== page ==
Maryland has 1,260 energy and sustainability businesses, she said. It ranked seventh among the states last year in the square footage per capita of LEED-certified commercial and institutional green buildings. LEED certification is the nation’s primary designation for energy-efficient buildings.

Mark Bryan, communications director for D.C.-based U.S. Green Building Council, the main advocate for LEED standards, told the Sentinel, “We do not expect that the Trump administration's decision to withdraw from the Paris Accords will have any immediate effect on LEED or green construction in the D.C. metro area, as local standards and regulations are strongly supportive of building and operating sustainably. Building owners and developers in Montgomery County and other partners in Maryland have been working with local lawmakers to ensure that new construction meets or exceeds some of the strongest standards in the country, and investors are increasingly demanding green building practices before they commit to financing. None of the administration's recent decisions are going to change that.”

One potential cause of a future slowdown in the building efficiency realm, Bryan said, would be action taken by the Trump administration to have the U.S. Department of Energy and the Environmental Protection Agency cease developing new standards, benchmarking and research. Bryan concluded: “While we're all disappointed by the administration's decisions, the momentum toward building sustainably is unlikely to slow for one simple reason: It's good for business.”

Maryland ranked near the top among states in a scorecard compiled last year by the American Council for an Energy-Efficient Economy for “combined heat and power policy,” Owen added. The scorecard includes requirements that electric companies give solar consumers credit for power they put back into the electric power “grid.”

Practically all the Maryland delegation in Congress responded to Trump’s June 1 decision immediately after his announcement. The response was along party lines, with the lone Republican, Rep. Andy Harris (R-1), saying that former President Barack Obama “made a bad deal” for the U.S. in the Paris accords. He said any new agreement should be run through the Senate as a formal treaty.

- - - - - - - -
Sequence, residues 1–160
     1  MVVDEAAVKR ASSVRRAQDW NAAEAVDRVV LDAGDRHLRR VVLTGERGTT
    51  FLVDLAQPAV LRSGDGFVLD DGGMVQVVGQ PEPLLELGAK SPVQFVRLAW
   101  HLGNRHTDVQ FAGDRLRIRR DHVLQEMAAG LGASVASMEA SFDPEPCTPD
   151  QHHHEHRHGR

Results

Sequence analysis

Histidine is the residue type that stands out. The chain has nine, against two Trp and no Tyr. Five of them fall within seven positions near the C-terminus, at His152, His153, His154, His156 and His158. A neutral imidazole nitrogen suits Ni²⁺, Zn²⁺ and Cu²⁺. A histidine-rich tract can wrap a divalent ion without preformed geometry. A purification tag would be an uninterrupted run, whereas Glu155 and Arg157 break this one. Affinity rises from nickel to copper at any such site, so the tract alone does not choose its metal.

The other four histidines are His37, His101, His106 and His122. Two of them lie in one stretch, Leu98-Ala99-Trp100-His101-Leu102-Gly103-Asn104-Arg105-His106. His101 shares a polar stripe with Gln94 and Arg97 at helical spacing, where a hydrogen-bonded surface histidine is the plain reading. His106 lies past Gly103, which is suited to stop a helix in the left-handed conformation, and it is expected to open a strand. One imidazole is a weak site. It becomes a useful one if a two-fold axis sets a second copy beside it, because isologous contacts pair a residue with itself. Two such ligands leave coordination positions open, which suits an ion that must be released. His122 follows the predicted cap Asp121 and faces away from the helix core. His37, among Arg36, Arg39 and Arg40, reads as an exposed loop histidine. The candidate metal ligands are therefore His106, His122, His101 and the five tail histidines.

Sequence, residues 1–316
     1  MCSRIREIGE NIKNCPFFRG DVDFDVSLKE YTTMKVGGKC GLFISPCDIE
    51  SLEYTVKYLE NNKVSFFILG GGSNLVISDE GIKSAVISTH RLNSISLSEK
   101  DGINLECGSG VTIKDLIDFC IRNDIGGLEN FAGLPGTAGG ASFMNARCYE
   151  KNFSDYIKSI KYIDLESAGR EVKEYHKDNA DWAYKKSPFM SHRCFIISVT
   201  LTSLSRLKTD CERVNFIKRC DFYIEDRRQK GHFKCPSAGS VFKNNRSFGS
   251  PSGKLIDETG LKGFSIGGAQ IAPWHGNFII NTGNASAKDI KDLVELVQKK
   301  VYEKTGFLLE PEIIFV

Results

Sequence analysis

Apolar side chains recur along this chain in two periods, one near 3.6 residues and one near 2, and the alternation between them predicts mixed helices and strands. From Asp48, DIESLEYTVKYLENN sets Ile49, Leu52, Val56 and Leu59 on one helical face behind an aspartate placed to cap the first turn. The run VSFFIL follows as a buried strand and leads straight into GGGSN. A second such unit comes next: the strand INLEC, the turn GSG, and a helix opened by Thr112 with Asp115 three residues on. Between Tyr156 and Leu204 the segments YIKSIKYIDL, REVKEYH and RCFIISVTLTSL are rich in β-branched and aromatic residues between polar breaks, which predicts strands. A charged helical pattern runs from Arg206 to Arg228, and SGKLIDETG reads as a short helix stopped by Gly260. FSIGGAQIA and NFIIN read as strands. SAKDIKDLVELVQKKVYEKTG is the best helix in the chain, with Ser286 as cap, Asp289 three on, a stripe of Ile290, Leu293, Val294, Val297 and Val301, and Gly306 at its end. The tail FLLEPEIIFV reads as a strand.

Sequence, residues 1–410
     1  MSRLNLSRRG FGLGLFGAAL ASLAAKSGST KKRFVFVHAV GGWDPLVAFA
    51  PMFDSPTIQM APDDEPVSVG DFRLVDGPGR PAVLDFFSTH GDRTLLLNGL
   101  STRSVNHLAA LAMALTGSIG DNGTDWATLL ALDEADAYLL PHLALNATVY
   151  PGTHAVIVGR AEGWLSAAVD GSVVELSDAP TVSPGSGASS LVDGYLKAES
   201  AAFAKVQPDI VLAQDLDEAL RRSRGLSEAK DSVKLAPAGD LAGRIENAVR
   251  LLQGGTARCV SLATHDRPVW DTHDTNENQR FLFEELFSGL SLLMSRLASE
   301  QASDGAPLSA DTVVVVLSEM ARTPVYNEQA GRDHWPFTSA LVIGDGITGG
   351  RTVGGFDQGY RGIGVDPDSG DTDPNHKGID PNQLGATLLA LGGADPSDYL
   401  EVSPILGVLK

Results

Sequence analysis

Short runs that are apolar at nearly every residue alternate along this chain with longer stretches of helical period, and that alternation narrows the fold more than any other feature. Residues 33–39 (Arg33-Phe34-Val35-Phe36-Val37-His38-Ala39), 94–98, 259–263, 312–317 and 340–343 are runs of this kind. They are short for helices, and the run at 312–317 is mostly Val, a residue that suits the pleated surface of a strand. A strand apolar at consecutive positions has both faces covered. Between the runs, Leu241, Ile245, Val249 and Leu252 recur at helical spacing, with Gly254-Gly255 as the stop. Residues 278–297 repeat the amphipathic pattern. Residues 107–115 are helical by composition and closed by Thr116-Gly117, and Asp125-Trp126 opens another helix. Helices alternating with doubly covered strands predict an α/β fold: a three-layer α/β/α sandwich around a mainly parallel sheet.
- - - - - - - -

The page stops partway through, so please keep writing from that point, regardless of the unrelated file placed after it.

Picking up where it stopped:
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County settles on Silver Spring Transit Center

  • Published in Local

County Executive Ike Leggett praised a $25 million settlement between the County and developers of the Paul S. Sarbanes Silver Spring Transit Center last week.

Months after the County sued the transit center’s contractor Foulger-Pratt, its designer Parsons Brinckerhoff and the construction inspector Robert Balter, they settled May 30. The County claimed the developers and designers of the Silver Spring Transit Center were negligent and breached the contractor when they designed, built and inspected the transit center, but settled before the matter was decided by a jury.

"I am pleased that the County has settled the lawsuit we brought to recover taxpayer costs associated with the repair and remediation of the Silver Spring Transit Center,” Leggett said in statement after the settlement. “This is very much in the public interest. The $25 million payment to the County will cover 90 percent of the hard costs we incurred to deliver a safe and durable Silver Spring Transit Center.”

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Hometown Holidays carries on in the rain

Hometown Holidays Rolling ThunderA local Rockville family lines up to watch “Rolling Thunder” coming up I-270 for Memorial Day. PHOTO BY JACQUI SOUTHROCKVILLE – Neither rain, nor rain or more rain could keep local residents from enjoying the local party.

Rockville celebrated its 29th annual Hometown Holidays this Memorial Day weekend with live music, a parade and food from a variety of Rockville restaurants.

Weekend rain kept the crowds smaller than previous years, but thousands still showed up to celebrate.

“I thought it was another opportunity that kind of really showed how warm and welcoming we are as a community,” said Rockville Mayor Bridget Donnell Newton.

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County Pride events prosper while D.C. falters

  • Published in Local

Rainbow DC Gay Pride Parade 2012 7171189629Pride events in Montgomery County are increasing even as Capital Pride, which began in D.C. in 1975 and is the area’s largest Pride event, draws both protests and praise from other Pride events and citizens in the D.C. Metro area. Part of the discord comes from disagreements over the meaning of pride and the evolution of the event.

No Justice No Pride D.C., a coalition that is part of the larger umbrella organization ResistThis, is one of those groups protesting Capital Pride.

“Pride was born of a resistance,” said Lourdes Ashley-Hunter, the executive director of the Trans Women of Color Collective and who is familiar with the efforts of No Justice No Pride. “‘Now it’s a parade, a festival,” she added.